The wooden foundations of a 15th century road have been unearthed in Lier, a city on the outskirts of Antwerp, Belgium. The wood road emerged from under a modern street during city sewer works earlier this month. The original sewers were built in the 1930s and by happy coincidence they were installed next to the medieval street instead of over it or crossing it, so the road was not exposed or damaged at that time.
The town of Lier grew around the hermitage of its most famous son, the 8th century saint Gummarus, on the banks of the Nete River. Settlements around the hermitage were destroyed in 9th century Norman raids, but the the relics and chapel of St. Gummarus made it a site of pilgrimage, drawing permanent construction and residents to the area. The earliest historical references to what would become Lier date to 970 A.D. The oldest surviving building is the Romanesque St. Peter’s Chapel, originally built in the 13th century. The medieval city center is located at the confluence of the Grote Nete (Big Nete) and Kleine Nete (Little Nete) where the two rivers come together to form the Nete. It was granted official municipal status in 1212, and by the end of that century it was a regionally important center of the textile trade.
Jan II, Duke of Brabant, gave the city the right to host a cattle market in 1309 and 30 years after that Lier was granted the right to host a cloth market as well. By the end of the 14th century, Lier’s cloth industry had expanded into an international trade. When the road was built in the 15th century, the focus of downtown Lier’s infrastructure had shifted from the earlier medieval religious structures — the hermitage, church, beguinage — to the economic and industrial — merchant halls, quays, bridges, roads.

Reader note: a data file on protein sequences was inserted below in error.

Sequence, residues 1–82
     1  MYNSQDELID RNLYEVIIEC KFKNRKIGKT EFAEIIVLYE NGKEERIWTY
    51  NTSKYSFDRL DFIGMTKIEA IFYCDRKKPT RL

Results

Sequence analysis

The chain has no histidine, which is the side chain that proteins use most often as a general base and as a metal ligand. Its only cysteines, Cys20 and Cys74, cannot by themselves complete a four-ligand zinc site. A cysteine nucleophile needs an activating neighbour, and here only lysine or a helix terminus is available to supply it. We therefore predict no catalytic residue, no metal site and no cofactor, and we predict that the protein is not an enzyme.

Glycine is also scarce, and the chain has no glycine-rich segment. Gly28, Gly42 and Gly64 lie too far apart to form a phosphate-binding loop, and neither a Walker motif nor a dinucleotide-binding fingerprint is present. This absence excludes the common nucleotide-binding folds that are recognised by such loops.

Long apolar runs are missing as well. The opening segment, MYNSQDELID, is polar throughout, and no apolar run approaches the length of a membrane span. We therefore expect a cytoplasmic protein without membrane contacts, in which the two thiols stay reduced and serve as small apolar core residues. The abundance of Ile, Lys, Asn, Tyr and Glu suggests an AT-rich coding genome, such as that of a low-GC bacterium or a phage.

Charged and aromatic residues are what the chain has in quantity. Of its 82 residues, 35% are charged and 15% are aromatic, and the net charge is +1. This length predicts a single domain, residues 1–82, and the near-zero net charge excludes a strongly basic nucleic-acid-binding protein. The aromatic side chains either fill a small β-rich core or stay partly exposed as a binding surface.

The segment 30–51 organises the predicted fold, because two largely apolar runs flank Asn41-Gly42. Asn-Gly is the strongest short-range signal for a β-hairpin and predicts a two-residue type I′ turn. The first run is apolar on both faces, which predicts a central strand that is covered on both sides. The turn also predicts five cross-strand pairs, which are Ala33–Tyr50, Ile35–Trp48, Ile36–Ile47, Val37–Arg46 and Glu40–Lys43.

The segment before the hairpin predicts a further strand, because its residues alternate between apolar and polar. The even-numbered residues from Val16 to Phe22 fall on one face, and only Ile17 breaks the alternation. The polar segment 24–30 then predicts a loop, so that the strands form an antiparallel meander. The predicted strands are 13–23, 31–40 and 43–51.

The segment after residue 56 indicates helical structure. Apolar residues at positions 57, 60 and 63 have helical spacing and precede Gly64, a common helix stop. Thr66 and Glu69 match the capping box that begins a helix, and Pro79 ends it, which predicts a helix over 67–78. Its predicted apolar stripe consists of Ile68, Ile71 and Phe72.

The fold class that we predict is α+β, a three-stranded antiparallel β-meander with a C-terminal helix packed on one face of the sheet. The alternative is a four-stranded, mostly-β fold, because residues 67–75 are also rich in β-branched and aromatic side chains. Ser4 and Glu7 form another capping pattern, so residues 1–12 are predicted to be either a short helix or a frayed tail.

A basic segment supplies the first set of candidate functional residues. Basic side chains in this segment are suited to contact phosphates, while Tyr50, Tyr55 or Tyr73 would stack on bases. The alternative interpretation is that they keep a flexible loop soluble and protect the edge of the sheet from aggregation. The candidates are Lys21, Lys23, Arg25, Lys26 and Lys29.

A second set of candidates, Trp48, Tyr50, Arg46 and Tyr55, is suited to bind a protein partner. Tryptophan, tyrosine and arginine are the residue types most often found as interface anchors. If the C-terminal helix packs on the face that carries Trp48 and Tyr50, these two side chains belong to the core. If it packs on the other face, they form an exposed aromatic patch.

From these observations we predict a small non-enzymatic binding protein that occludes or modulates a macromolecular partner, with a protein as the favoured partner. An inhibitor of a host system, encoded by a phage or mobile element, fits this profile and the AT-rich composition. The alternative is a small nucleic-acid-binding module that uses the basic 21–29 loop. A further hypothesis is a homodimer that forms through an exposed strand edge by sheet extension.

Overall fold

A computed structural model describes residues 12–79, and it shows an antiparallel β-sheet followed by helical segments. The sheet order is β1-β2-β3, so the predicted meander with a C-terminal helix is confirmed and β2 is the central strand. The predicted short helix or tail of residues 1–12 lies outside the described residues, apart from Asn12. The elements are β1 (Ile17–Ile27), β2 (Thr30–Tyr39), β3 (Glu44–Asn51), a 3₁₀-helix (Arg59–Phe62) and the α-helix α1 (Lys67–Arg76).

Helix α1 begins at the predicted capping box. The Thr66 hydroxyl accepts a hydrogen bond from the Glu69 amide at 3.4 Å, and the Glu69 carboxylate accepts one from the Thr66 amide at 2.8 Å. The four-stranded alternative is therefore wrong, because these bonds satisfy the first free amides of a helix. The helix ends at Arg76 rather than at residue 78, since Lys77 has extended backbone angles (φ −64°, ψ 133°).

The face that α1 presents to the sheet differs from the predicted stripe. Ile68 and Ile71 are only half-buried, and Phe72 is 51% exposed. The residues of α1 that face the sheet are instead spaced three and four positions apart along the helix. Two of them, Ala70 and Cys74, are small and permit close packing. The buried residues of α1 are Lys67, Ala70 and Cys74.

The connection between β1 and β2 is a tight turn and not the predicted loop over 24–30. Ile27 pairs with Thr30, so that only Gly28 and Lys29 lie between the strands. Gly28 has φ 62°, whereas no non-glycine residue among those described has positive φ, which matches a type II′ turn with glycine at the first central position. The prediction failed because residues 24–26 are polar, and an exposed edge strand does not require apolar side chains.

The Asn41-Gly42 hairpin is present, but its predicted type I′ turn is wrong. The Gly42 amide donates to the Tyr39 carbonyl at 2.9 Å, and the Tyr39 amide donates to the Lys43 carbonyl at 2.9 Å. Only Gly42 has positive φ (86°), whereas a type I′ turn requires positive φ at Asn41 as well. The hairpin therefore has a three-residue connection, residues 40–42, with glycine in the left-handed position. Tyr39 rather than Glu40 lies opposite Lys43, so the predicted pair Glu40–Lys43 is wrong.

The street was known from 16th century maps, but because in the Middle Ages the roads were made from perishable wood rather than the stone of far more ancient Roman roads, nobody expected to find any surviving remains. In this case, the wood was preserved by a thick layer of clay from alluvial deposits.
Archaeologists will now document the wooden foundations. “The new sewerage system will be installed under the road. These are not valuable objects in themselves and as soon as you start digging them up, they disintegrate,” Mayor Verwaest explained. He is keen to assure us that “everything has been inventorised, measured and photographed”.